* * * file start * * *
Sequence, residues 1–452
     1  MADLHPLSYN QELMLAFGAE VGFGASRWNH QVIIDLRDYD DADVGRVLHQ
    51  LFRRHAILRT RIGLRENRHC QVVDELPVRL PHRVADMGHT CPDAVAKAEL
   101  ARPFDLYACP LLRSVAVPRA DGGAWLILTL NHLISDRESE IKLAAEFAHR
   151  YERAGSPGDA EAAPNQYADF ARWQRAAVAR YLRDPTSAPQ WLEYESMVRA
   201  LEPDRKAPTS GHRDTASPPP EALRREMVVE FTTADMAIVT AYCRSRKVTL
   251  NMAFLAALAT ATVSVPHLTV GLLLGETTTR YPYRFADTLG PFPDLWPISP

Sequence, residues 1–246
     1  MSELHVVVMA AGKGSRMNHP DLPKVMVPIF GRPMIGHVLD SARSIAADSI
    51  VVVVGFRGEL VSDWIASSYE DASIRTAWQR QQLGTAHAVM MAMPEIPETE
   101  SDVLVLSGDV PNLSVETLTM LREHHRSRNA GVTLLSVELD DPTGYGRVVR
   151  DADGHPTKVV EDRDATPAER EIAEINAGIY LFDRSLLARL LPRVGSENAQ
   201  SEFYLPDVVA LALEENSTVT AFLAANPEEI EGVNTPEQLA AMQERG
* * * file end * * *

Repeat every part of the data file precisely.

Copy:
Sequence, residues 1–452
     1  MADLHPLSYN QELMLAFGAE VGFGASRWNH QVIIDLRDYD DADVGRVLHQ
    51  LFRRHAILRT RIGLRENRHC QVVDELPVRL PHRVADMGHT CPDAVAKAEL
   101  ARPFDLYACP LLRSVAVPRA DGGAWLILTL NHLISDRESE IKLAAEFAHR
   151  YERAGSPGDA EAAPNQYADF ARWQRAAVAR YLRDPTSAPQ WLEYESMVRA
   201  LEPDRKAPTS GHRDTASPPP EALRREMVVE FTTADMAIVT AYCRSRKVTL
   251  NMAFLAALAT ATVSVPHLTV GLLLGETTTR YPYRFADTLG PFPDLWPISP

Sequence, residues 1–246
     1  MSELHVVVMA AGKGSRMNHP DLPKVMVPIF GRPMIGHVLD SARSIAADSI
    51  VVVVGFRGEL VSDWIASSYE DASIRTAWQR QQLGTAHAVM MAMPEIPETE
   101  SDVLVLSGDV PNLSVETLTM LREHHRSRNA GVTLLSVELD DPTGYGRVVR
   151  DADGHPTKVV EDRDATPAER EIAEINAGIY LFDRSLLARL LPRVGSENAQ
   201  SEFYLPDVVA LALEENSTVT AFLAANPEEI EGVNTPEQLA AMQERG